Silence is a Gift

It’s hard to sit silent in an age when most of us live with noise nearly 24/7.

Out where I live, surrounded by grass and trees and plenty of room between me and my nearest neighbor, I am used to the quiet.

But it makes many folks uncomfortable.

They hasten to fill any empty airspace with chatter or nervous laughter or music or television or just about anything that means they don’t have to listen to their own thoughts.

It can be tempting, when trying to do the work grief requires to chase away the sorrow and pain with noise.

But that’s unhelpful.

Because you can’t really chase grief anywhere.  It’s inside you, part of you, with you wherever you go.

Every morning I get up, make coffee, sit down and drink in the quiet with my caffeine.  I listen for a bit and then write down what I hear my heart saying.  It has been the most effective habit for helping me walk through this Valley in the four years since Dominic left us.

Silence is necessary for a heart to do the work grief requires.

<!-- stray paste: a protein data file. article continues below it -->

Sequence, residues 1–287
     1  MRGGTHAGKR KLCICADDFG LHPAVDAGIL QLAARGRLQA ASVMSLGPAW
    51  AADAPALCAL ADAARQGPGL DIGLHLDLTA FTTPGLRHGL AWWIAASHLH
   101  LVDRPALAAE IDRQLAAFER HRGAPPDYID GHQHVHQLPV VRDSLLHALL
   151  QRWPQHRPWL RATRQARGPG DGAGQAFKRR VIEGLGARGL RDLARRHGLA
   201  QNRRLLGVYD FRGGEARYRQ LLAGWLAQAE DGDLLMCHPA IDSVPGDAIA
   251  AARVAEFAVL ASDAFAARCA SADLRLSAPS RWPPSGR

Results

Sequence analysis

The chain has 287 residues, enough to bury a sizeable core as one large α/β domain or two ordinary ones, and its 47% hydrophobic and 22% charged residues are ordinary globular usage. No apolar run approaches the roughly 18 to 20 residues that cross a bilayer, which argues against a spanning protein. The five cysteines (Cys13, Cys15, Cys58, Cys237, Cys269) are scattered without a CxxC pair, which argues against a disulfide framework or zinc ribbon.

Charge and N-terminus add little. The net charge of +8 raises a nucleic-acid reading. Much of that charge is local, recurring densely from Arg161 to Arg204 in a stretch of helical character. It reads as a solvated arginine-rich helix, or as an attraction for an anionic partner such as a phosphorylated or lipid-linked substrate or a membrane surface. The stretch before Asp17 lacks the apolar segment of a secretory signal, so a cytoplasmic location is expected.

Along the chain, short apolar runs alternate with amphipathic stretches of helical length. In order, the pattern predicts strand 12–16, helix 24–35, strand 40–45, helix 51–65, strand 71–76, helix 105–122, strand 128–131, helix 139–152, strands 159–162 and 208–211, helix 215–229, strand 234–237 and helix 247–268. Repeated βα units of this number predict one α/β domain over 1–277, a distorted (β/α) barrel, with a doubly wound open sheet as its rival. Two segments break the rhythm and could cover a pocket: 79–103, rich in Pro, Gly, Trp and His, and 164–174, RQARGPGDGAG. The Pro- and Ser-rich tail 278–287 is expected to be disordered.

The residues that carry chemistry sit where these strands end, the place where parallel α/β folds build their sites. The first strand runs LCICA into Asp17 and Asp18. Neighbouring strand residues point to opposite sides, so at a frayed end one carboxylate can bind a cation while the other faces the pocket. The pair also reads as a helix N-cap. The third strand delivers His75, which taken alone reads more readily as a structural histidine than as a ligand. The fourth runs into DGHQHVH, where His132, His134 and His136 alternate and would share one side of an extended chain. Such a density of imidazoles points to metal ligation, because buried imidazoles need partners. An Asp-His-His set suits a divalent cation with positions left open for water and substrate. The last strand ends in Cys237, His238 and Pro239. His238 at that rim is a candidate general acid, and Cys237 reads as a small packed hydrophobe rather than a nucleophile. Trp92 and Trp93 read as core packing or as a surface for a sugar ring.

Don’t fight it.

Lean in, pen and pad at the ready, and let silence speak to your broken heart.

silence speaks

The Sound of Silence

Busy, busy, busy and noisy, noisy, noisy.

Every day is full of activity and every minute full of sounds-television, radio, Itunes or Pandora.

holy-solitude

 

 

I am, at the same time, hyper-connected and dis-connected. My mind is often full but my heart can feel empty. 

 

 

If I can move fast enough or create sufficient distraction, then maybe I can ignore the harder questions, the deeper thoughts, the uncomfortable feelings that I would rather not explore.

Being in one’s own company alone with God is challenging.  Without the noise of outside distraction I am forced to face my fears and hidden darkness.  And in the quiet I find that the easy answers leave me empty and unsatisfied.  I must listen carefully for the still, small Voice that whispers comfort.

If I want to hear from God I need to embrace solitude and make space to hear.